Burdur

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Burdur
Municipality
Namık Kemal Avenue in central Burdur
Namık Kemal Avenue in central Burdur
Burdur is located in Turkey
Burdur
Burdur
Coordinates: 37°43′00″N 30°17′00″E / 37.71667°N 30.28333°E / 37.71667; 30.28333Coordinates: 37°43′00″N 30°17′00″E / 37.71667°N 30.28333°E / 37.71667; 30.28333
Country Turkey
Province Burdur
Government
 • Mayor Ali Orkun Ercengiz (CHP)
Area[1]
 • District 1,450.98 km2 (560.23 sq mi)
Population (2012)[2]
 • Urban 72,377
 • District 96,816
 • District density 67/km2 (170/sq mi)
Website www.burdur-bld.gov.tr

Burdur is a city southwestern Turkey and the seat of the Burdur Province of Turkey. It is located at 37°43′13″N 30°17′27″E / 37.7202778°N 30.2908333°E / 37.7202778; 30.2908333, on the shore of Lake Burdur. Its estimated 2010 population is 78,389.[3]

History[edit]

Ancient history[edit]

Whilst there is evidence of habitation in the province dating back to 6500 BC, the earliest sign of habitation in the city itself dates to Early Bronze Age. Artifacts from this period have been found in the site of today's railway station. In antiquity, the area was part of the region of Pisidia. It has been proposed that the city of Burdur has changed location a number of times; the ancient city of Limnombria ("Lake City") was closer to Lake Burdur than the modern city. It is known that in the Byzantine era, the city existed with the name Polydorion (Greek: Πολυδώριον), from which the current name is derived.[4] No remains of Polydorion survive to this day.[5]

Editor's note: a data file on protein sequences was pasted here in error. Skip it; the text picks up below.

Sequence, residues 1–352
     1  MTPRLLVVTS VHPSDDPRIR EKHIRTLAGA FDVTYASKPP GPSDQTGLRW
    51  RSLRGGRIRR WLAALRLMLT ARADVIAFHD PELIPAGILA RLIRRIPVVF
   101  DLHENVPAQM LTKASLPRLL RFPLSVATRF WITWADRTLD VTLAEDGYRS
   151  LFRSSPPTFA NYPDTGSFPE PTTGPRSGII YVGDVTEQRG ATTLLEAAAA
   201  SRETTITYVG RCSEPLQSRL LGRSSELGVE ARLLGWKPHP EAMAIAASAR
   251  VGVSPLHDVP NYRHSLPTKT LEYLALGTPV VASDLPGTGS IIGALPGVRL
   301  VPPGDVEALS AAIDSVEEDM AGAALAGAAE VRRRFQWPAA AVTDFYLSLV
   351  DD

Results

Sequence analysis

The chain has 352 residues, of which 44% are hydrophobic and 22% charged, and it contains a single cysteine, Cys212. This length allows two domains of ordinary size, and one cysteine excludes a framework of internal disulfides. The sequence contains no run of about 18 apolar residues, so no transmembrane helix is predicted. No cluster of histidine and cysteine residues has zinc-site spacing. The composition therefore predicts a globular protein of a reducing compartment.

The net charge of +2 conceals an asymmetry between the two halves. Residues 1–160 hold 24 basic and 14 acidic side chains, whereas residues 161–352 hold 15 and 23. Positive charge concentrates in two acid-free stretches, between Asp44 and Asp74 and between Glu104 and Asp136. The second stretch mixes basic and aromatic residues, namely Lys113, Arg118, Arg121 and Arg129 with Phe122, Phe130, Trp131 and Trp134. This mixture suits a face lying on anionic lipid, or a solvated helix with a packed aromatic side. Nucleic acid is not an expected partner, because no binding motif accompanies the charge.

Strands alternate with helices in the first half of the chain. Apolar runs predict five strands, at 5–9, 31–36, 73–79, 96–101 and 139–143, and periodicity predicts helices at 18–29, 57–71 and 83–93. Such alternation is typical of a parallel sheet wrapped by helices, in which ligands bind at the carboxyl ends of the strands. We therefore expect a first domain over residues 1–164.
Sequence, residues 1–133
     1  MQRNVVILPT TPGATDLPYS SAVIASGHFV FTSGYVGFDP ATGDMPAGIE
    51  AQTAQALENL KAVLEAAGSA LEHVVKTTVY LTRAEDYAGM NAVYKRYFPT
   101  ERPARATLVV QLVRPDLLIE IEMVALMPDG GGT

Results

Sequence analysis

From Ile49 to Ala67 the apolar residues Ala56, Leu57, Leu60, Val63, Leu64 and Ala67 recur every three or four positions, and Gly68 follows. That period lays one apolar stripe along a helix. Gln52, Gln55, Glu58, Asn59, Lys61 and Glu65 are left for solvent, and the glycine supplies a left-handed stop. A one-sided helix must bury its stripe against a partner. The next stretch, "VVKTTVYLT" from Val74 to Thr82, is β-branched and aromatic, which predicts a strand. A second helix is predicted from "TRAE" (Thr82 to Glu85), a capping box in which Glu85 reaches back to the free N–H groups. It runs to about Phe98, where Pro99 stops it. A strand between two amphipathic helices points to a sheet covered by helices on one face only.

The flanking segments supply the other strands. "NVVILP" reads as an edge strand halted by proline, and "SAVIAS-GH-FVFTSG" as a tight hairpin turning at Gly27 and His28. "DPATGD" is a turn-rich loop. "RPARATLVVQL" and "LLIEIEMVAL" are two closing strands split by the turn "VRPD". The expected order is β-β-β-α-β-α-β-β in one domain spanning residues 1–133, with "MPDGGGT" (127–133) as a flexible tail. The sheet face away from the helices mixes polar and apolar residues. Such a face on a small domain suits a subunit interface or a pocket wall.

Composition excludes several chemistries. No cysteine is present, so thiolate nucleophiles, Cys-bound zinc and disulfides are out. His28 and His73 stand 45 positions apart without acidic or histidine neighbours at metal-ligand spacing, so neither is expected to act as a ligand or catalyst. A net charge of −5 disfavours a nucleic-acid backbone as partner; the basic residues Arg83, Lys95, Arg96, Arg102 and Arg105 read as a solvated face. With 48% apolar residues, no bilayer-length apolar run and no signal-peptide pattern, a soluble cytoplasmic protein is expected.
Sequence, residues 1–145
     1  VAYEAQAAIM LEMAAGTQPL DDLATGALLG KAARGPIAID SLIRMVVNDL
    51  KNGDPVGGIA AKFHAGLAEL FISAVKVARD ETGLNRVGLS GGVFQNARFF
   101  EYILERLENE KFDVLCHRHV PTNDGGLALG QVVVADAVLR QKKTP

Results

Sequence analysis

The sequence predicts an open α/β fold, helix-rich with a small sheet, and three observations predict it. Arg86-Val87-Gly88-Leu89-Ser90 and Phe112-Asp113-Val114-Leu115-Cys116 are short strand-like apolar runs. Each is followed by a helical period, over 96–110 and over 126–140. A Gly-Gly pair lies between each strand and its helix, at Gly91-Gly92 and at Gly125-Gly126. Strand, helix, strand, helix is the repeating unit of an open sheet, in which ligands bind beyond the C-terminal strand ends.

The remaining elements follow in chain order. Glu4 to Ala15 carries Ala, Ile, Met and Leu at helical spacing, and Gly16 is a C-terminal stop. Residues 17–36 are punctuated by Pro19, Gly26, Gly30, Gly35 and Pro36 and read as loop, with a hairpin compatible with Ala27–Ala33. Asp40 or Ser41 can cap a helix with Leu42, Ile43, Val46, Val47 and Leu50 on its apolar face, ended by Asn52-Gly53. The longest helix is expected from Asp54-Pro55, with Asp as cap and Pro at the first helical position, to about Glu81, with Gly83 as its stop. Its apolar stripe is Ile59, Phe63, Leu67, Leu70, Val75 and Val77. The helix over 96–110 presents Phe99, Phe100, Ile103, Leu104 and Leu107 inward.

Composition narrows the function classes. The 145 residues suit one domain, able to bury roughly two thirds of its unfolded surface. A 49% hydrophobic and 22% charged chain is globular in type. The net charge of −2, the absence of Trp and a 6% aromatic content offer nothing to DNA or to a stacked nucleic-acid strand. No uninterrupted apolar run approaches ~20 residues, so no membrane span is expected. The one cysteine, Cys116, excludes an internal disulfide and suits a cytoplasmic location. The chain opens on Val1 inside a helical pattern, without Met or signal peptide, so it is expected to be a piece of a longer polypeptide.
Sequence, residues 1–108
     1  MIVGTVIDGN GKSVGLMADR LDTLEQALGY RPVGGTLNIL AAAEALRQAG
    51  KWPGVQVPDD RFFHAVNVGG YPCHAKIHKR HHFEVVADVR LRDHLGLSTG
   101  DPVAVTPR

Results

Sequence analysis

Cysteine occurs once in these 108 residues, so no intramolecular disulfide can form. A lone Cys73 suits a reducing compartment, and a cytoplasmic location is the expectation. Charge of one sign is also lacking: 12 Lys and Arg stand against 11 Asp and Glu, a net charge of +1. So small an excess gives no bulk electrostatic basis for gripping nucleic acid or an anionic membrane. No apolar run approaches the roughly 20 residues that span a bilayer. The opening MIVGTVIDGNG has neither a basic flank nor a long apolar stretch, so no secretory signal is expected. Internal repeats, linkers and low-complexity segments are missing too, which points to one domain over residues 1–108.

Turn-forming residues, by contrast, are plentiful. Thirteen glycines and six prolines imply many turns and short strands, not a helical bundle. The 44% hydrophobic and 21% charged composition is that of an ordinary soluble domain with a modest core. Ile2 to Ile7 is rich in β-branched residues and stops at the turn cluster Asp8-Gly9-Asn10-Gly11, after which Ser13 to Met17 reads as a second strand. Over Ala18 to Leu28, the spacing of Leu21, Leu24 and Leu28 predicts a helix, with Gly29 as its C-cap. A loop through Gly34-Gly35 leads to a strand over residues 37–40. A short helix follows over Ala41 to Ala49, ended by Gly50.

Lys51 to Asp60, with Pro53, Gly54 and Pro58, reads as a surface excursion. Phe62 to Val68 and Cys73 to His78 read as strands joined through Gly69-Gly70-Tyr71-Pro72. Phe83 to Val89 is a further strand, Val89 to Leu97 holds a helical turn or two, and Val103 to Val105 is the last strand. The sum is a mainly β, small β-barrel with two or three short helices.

Turkish settlement and the Hamidids[edit]

The history of the urban development of Burdur is generally held to begin with the Turkish settlement after the Seljuq victory at the Battle of Manzikert in 1071. In the late 11th century, the Kınalı tribe of the Oghuz Turks captured the Burdur area and settled there. Turks became the majority of the population of the area after 1211, establishing a number of villages in addition to expanding the town.[6] The first Turkish settlement was in an area known as Hamam Bendi that had a lower elevation than today's city but was farther to the lake than the ancient town of Limnombria. These residents used the site of today's Grand Mosque of Burdur as an open marketplace, known as Alanpazarı. Realising the high incidence of malaria in the area they had settled, these residents then moved uphill, away from the lake.[4] These first residents had not submitted to any state, but Kilij Arslan II, the Seljuq Sultan of Rum, captured the area in 1177 and imposed his sovereignty over the local tribes.[7] The town remained under the undisputed sovereignty of the Sultanate of Rum between 1206 and 1260, when it was captured by the Mongol Empire. Developing commerce in the port of Antalya increased the significance of Burdur as a centre of commerce. Tragacanth obtained from the mountains of Psidia, wine from Kütahya, wax, wood and tar from many parts of Anatolia passed through Burdur, in exchange of which Egyptian spices, cotton and sugar was traded.[6]